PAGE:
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Mol Syndromol ; 10(1-2): 40-47, 2019 Feb.
Article En | MEDLINE | ID: mdl-30976278

Craniofrontonasal syndrome (CFNS) is an X-linked disorder caused by EFNB1 mutations in which females are more severely affected than males. Severe male phenotypes are associated with mosaicism, supporting cellular interference for sex bias in this disease. Although many variants have been found in the coding region of EFNB1, only 2 pathogenic variants have been identified in the same nucleotide in 5'UTR, disrupting the stop codon of an upstream open reading frame (uORF). uORFs are known to be part of a wide range of post-transcriptional regulation processes, and just recently, their association with human diseases has come to light. In the present study, we analyzed EFNB1 in a female patient with typical features of CFNS. We identified a variant, located at c.-411, creating a new upstream ATG (uATG) in the 5'UTR of EFNB1, which is predicted to alter an existing uORF. Dual-luciferase reporter assays showed significant reduction in protein translation, but no difference in the mRNA levels. Our study demonstrates, for the first time, the regulatory impact of uATG formation on EFNB1 levels and suggests that this should be the target region in molecular diagnosis of CFNS cases without pathogenic variants in the coding and splice sites regions of EFNB1.

Front Genet ; 9: 149, 2018.
Article En | MEDLINE | ID: mdl-29922329

Repeats in coding and non-coding regions have increasingly been associated with many human genetic disorders, such as Richieri-Costa-Pereira syndrome (RCPS). RCPS, mostly characterized by midline cleft mandible, Robin sequence and limb defects, is an autosomal-recessive acrofacial dysostosis mainly reported in Brazilian patients. This disorder is caused by decreased levels of EIF4A3, mostly due to an increased number of repeats at the EIF4A3 5'UTR. EIF4A3 5'UTR alleles are CG-rich and vary in size and organization of three types of motifs. An exclusive allelic pattern was identified among affected individuals, in which the CGCA-motif is the most prevalent, herein referred as "disease-associated CGCA-20nt motif." The origin of the pathogenic alleles containing the disease-associated motif, as well as the functional effects of the 5'UTR motifs on EIF4A3 expression, to date, are entirely unknown. Here, we characterized 43 different EIF4A3 5'UTR alleles in a cohort of 380 unaffected individuals. We identified eight heterozygous unaffected individuals harboring the disease-associated CGCA-20nt motif and our haplotype analyses indicate that there are more than one haplotype associated with RCPS. The combined analysis of number, motif organization and haplotypic diversity, as well as the observation of two apparently distinct haplotypes associated with the disease-associated CGCA-20nt motif, suggest that the RCPS alleles might have arisen from independent unequal crossing-over events between ancient alleles at least twice. Moreover, we have shown that the number and sequence of motifs in the 5'UTR region is associated with EIF4A3 repression, which is not mediated by CpG methylation. In conclusion, this study has shown that the large number of repeats in EIF4A3 does not represent a dynamic mutation and RCPS can arise in any population harboring alleles with the CGCA-20nt motif. We also provided further evidence that EIF4A3 5'UTR is a regulatory region and the size and sequence type of the repeats at 5'UTR may contribute to clinical variability in RCPS.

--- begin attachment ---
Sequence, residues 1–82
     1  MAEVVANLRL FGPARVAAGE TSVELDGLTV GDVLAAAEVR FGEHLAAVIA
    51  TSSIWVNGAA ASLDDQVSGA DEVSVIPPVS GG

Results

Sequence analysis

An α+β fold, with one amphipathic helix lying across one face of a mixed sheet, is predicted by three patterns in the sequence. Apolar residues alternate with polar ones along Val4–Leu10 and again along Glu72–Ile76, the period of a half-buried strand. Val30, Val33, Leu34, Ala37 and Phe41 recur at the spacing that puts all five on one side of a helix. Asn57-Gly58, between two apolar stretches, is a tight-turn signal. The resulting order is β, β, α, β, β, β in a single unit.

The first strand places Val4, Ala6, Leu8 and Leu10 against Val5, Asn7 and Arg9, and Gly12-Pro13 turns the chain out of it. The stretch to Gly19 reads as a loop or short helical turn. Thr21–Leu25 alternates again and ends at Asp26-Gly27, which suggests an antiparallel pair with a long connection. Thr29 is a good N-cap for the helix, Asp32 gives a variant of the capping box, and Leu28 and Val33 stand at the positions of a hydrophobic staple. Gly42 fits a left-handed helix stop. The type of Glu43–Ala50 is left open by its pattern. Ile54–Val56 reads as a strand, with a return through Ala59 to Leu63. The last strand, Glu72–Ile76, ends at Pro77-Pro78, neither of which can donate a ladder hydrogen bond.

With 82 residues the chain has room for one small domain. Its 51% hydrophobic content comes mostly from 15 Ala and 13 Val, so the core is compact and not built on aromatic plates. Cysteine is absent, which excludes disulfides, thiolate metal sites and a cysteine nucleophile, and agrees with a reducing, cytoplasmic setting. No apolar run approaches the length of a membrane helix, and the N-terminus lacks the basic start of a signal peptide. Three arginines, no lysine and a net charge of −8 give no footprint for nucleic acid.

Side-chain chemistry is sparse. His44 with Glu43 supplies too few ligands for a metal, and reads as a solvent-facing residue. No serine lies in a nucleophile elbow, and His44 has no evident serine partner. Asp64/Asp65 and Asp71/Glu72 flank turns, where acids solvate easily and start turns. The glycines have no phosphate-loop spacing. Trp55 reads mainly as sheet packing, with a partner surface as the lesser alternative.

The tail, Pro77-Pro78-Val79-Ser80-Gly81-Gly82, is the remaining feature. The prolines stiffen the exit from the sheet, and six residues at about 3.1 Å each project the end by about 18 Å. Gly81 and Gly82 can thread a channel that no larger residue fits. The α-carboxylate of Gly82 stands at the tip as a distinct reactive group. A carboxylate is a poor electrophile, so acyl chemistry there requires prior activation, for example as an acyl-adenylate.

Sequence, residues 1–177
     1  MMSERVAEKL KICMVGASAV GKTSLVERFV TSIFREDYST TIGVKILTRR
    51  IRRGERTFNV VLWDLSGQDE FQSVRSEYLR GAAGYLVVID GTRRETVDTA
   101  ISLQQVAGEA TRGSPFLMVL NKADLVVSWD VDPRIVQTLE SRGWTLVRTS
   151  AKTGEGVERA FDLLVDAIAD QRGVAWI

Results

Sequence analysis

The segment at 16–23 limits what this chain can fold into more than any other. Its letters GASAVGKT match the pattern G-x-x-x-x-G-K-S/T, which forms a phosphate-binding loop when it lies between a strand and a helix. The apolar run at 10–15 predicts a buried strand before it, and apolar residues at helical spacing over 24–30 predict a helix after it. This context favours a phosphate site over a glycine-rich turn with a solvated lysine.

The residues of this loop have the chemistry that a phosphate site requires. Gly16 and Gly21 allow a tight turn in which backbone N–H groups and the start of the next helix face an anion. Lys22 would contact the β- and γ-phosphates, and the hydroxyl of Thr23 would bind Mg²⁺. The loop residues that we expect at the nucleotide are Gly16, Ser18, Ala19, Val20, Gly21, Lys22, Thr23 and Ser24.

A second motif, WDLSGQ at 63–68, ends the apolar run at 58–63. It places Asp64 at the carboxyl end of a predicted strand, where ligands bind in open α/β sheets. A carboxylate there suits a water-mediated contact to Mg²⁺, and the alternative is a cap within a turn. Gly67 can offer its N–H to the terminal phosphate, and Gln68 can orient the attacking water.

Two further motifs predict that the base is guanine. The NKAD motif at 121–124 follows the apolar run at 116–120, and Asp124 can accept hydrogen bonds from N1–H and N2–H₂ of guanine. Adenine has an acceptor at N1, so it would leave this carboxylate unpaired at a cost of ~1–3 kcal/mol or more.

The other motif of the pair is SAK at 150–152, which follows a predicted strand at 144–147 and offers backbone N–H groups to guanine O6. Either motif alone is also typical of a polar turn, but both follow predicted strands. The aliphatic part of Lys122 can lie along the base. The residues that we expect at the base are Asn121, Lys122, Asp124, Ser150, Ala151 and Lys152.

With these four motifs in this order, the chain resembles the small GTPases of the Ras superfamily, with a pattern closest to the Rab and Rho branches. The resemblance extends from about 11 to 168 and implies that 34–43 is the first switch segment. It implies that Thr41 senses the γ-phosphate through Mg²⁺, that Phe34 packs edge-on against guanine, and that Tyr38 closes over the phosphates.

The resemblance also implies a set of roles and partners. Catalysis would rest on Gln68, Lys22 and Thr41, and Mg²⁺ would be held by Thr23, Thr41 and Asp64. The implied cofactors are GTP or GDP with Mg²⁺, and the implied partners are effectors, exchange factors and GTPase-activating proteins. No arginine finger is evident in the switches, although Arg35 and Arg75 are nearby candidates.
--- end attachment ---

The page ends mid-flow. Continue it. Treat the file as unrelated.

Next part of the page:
Mol Neurobiol ; 55(7): 5962-5975, 2018 Jul.
Article En | MEDLINE | ID: mdl-29128905

Several methods have been used to study the neuropathogenesis of Down syndrome (DS), such as mouse aneuploidies, post mortem human brains, and in vitro cell culture of neural progenitor cells. More recently, induced pluripotent stem cell (iPSC) technology has offered new approaches in investigation, providing a valuable tool for studying specific cell types affected by DS, especially neurons and astrocytes. Here, we investigated the role of astrocytes in DS developmental disease and the impact of the astrocyte secretome in neuron mTOR signaling and synapse formation using iPSC derived from DS and wild-type (WT) subjects. We demonstrated for the first time that DS neurons derived from hiPSC recapitulate the hyperactivation of the Akt/mTOR axis observed in DS brains and that DS astrocytes may play a key role in this dysfunction. Our results bear out that 21 trisomy in astrocytes contributes to neuronal abnormalities in addition to cell autonomous dysfunctions caused by 21 trisomy in neurons. Further research in this direction will likely yield additional insights, thereby improving our understanding of DS and potentially facilitating the development of new therapeutic approaches.